The results of USGS National CO2 assessment provide estimates of the potential subsurface storage volumes in existing pore space of sandstones, limestones, or dolostones (U.S. Geological Survey Geologic Carbon Dioxide Storage Resources Assessment Team, 2013). The Energy Independence and Security Act (EISA) of 2007 (Public Law 110-140) also called for the USGS to evaluate the CO2 storage potential in unmineable coal beds. Because there was no clear consensus on what defines an unmineable coal bed, the USGS CO2 storage assessment methodology (Brennan and others, 2010) did not include methods to assess CO2 storage in coal beds. In 2012, the USGS held a workshop where industry, government, and university researchers recommend that CO2 storage in coal beds should be limited to deep coals (>3,000 ft) in order to maintain the injected CO2 in a supercritical state (Jones and others, 2012). However, suitable permeability and porosity needed for CO2 injection in coals with depths greater than 3,000 ft may be difficult to find in many basins. Most CO2 storage demonstration projects that have been conducted thus far have injected CO2 in a non-supercritical state at depths usually between 1,000 and 3,000 ft. Many of these CO2 injections projects are also associated with enhanced coalbed methane (ECBM) production operations. In these projects, the injected CO2 is strongly adsorbed onto organics in the internal pore structure of the coal and physically displaces the methane which can then be produced. Also of concern are the swelling behavior of the coal matrix and loss of permeability in CO2-saturated coal, and the effects of injected CO2 on existing microbial methane producing populations. Many of these coal bed and shale reservoirs (for example in the San Juan Basin, Powder River Basin, Gulf of Mexico Coastal Plain) also contain active microbial communities that naturally convert CO2 and hydrogen (H2) into methane (CH4). What will the fate be of injected CO2 into organic-rich reservoirs? In addition, what effect will CO2 injection have on the release of trace metals and organics from coal beds?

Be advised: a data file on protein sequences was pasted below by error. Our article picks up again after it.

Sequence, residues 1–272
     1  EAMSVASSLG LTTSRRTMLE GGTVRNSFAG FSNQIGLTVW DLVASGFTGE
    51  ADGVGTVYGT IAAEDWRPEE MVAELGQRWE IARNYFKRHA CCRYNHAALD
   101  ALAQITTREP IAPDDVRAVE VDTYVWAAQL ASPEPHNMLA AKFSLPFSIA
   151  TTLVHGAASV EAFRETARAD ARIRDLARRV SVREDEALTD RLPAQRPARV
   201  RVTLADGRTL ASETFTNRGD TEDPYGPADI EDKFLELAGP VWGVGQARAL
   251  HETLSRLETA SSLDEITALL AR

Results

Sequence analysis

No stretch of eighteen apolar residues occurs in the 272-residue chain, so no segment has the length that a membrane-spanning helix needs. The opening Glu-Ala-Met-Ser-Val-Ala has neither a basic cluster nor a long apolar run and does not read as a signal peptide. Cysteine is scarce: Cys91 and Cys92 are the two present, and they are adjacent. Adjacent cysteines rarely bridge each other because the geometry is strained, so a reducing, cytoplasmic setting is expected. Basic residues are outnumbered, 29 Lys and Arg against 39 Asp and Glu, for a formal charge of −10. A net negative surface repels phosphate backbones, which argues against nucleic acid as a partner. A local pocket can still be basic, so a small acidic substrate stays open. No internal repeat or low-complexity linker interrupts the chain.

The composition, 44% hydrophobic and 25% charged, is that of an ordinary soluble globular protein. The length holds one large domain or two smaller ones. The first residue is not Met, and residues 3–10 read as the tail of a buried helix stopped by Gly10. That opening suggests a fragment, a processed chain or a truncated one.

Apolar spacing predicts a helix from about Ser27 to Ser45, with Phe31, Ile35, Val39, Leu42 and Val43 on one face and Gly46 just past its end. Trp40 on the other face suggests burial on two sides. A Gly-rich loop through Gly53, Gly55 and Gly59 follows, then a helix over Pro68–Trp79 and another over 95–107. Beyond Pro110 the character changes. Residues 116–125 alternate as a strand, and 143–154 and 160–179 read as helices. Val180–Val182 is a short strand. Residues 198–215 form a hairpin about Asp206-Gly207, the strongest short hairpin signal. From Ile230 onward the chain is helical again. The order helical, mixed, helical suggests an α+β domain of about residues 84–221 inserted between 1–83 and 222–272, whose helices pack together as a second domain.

Injection of CO2 into permeable organic-rich shale that has been fractured either by natural or human process, is another option considered for long-term storage of greenhouse gases. More research is needed to better understand the potential for dissolved organics, in CO2-saturated coal or organic-rich shale, to become mobilized and mixed with groundwater. Other lithologies such as basaltic rocks can also trap CO2 through adsorption or mineralogical reaction. Prior to these unconventional reservoirs being included in future national USGS assessments, it is necessary to understand more about their CO2 storage potential, depth, geographic distribution, and the physical and chemical processes that will influence any new assessment methodologies.